After much confusion last week, Microsoft attempted to explain its hardware requirements again yesterday, and it sounds like the main driver behind these changes is security. Coupled with Microsoft’s hardware requirements is a push to enable a more modern BIOS (UEFI) that supports features like Secure Boot and TPM 2.0 (Trusted Platform Module).


When you combine TPM with some of the virtualization technologies that Microsoft uses in Windows, there’s an understandable security benefit that we’ve discussed in detail previously. Microsoft claims that a combination of Windows Hello, Device Encryption, virtualization-based security, hypervisor-protected code integrity (HVCI), and Secure Boot “has been shown to reduce malware by 60 percent.”


You obviously need modern hardware to enable all these protections, and Microsoft has been building toward this moment for years. TPM support has been a requirement for OEMs to gain Windows certification since around the release of Windows 10, but Microsoft hasn’t forced businesses or consumers to enable it.


Microsoft’s decision to force Windows 11 users into TPM, Secure Boot, and more comes at a pivotal moment for Windows. It’s Microsoft’s operating system that’s always caught up in ransomware and malware attacks, and things are only going to get worse if the level of Windows hardware security doesn’t go up a notch.


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What is TPM?


TPM (Trusted Platform Module) is a microchip integrated into the hardware of the computer. It is designed to carry out all cryptographic operations. It provides hardware-level of security to the device by performing various security measures. The TPM is also used to generate, store and limit the use of cryptographic keys. The TPM improves the security of the device by a step. As it’s a part of motherboard hardware, the attacker can’t remove it and attempt to access its files anywhere. The chip provides hardware-based authentication.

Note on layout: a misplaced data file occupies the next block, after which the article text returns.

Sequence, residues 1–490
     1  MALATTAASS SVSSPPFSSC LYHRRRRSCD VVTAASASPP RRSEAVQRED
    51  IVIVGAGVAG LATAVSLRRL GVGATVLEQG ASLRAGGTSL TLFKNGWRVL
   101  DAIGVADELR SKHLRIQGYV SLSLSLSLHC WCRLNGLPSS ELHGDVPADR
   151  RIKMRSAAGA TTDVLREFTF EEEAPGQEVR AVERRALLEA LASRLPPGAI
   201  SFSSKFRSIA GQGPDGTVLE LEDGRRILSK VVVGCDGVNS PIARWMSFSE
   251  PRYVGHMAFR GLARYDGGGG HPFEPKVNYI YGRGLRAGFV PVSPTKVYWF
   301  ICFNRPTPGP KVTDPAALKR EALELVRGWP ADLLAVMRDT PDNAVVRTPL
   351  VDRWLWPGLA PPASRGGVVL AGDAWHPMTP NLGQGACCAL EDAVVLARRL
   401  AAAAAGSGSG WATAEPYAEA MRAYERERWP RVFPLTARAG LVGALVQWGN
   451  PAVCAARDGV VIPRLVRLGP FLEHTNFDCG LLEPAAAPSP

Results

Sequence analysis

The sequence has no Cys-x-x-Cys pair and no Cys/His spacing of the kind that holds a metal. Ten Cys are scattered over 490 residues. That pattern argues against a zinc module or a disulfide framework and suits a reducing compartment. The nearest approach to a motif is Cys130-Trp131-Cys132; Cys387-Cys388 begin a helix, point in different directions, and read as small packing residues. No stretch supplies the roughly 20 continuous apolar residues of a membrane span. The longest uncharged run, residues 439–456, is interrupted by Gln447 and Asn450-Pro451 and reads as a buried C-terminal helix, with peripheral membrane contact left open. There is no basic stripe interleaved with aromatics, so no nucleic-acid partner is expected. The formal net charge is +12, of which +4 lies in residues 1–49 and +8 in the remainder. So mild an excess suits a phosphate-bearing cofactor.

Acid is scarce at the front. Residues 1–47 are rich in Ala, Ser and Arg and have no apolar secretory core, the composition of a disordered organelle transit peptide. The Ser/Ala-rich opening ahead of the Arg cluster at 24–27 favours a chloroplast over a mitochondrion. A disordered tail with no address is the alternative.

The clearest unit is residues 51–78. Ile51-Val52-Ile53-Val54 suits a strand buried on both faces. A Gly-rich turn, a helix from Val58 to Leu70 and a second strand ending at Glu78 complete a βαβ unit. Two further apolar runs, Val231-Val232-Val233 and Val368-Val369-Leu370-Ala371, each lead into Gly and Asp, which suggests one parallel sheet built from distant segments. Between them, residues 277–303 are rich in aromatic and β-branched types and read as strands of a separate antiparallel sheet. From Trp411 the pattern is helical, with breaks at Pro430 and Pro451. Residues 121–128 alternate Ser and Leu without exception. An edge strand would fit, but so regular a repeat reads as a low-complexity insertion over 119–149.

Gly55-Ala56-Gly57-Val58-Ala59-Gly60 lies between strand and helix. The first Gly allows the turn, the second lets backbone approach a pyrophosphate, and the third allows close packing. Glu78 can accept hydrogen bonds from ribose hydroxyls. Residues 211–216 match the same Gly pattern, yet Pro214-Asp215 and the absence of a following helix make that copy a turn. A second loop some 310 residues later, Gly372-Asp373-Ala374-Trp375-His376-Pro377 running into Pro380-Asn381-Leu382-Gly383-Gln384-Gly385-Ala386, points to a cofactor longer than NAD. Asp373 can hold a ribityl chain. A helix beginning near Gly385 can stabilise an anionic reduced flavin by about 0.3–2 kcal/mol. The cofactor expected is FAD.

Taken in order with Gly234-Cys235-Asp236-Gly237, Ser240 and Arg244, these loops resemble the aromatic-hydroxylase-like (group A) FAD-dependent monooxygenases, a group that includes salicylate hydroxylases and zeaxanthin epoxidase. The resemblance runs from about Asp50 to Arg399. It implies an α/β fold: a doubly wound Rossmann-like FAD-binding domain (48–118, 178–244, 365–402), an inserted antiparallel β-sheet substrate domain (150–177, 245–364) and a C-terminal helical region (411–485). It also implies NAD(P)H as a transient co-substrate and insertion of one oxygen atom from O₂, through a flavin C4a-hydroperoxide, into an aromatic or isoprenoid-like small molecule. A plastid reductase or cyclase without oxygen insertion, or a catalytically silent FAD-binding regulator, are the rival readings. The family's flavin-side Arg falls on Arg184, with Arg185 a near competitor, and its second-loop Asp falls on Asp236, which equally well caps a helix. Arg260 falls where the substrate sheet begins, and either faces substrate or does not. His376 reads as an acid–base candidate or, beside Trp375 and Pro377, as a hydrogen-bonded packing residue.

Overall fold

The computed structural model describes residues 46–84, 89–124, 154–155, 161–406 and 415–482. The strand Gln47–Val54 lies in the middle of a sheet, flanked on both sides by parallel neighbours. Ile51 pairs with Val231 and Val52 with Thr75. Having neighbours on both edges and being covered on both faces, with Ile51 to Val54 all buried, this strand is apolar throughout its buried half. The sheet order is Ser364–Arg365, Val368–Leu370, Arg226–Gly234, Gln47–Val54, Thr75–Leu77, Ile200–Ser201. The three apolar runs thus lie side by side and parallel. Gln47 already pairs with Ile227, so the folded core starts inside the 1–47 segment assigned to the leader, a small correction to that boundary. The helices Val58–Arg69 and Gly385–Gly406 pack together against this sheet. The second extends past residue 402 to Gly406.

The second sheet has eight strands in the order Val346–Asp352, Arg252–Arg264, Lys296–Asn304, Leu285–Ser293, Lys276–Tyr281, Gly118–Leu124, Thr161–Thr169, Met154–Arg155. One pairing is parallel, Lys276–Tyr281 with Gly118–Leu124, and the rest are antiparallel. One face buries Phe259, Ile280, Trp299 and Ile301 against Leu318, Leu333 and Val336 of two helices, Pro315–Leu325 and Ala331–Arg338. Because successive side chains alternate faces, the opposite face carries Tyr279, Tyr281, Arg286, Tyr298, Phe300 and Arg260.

Ways to find out if your PC/Laptop has TPM 2.0 for Windows 11


There are two ways to check if your PC has TPM 2.0 or not.


Method 1:

Let’s talk about the first and easy method first.


  • First of all, press the Windows+R shortcut using your keyboard.

  • You’ll now get a prompt, now enter "tpm.msc" word in the box and click Ok.

  • Now, you’ll get a pop-up with the title TPM Management on the local computer.

  • There you will get a box with the title Status, Now check whether it is saying “The TPM is ready to use” or not.

  • If it is showing “The TPM is ready to use”, now check the version of it, the version will be mentioned in the last box. If it has 2.0, then congratulations, your system is eligible for Windows 11. Or if it’s showing “Compatible TPM cannot be found” then connect with your manufacturer, as it might be enabled via BIOS as many come with TPM chips but we have to enable it manually.


Method 2:


Let’s have a look at the second method.


  • Moving into the second method, for this, you’ll need a few MBs of internet data. First, download the PC Heath Check App.

  • Now install the app, similarly, you install other applications with allowing all the permissions.

  • Now open the app, and you’ll find one Check now option on the first page of the app with the title Introducing Windows 11.


  • Click on it, it will now tell you that whether your system is eligible for Windows 11 or not. If eligible, it means your PC/Laptop has a TPM chip.

Also note that the PC health check app is having some issues with custom-built PCs, so if you have a custom-built PC, then try the first method, it will work properly. The PC Health Check app sometimes denies the request on custom-built PCs even it has a TPM chip. Further, if your system doesn’t have a TPM chip, it can be both added or enabled manually, you can connect with the manufacturer for more details and there are different methods of different systems and manufacturers.


You can also check out this link for two other ways to check if your device has TPM

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Now before you go off the deep end, be mindful that Microsoft Windows 10 support still has several more years of life ahead of it. In fact the End of Life for Windows 10 is good through October 14th of 2025. So you'll continue to receive security updates for at least another four years from the write date of this article.


I hope this blog answers a lot of questions. Bringing Your Tech to Life is looking forward to demoing Windows 11 as part of the Windows Inside Program like we did with Windows 11. If you're interested in learning about the Windows Insider Program you can learn about it here.